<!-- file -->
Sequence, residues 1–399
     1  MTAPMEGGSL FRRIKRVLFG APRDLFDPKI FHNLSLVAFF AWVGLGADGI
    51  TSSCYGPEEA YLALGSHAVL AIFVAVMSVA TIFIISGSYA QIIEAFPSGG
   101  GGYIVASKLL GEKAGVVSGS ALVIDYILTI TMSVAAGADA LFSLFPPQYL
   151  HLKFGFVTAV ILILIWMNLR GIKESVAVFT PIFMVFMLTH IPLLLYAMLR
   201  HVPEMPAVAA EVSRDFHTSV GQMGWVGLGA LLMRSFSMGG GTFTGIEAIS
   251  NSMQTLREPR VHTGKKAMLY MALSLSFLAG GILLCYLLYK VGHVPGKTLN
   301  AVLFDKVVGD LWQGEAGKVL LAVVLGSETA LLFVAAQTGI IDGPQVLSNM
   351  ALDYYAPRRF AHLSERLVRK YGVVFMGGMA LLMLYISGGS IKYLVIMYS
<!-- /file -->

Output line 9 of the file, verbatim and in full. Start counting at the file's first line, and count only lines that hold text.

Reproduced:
   351  ALDYYAPRRF AHLSERLVRK YGVVFMGGMA LLMLYISGGS IKYLVIMYS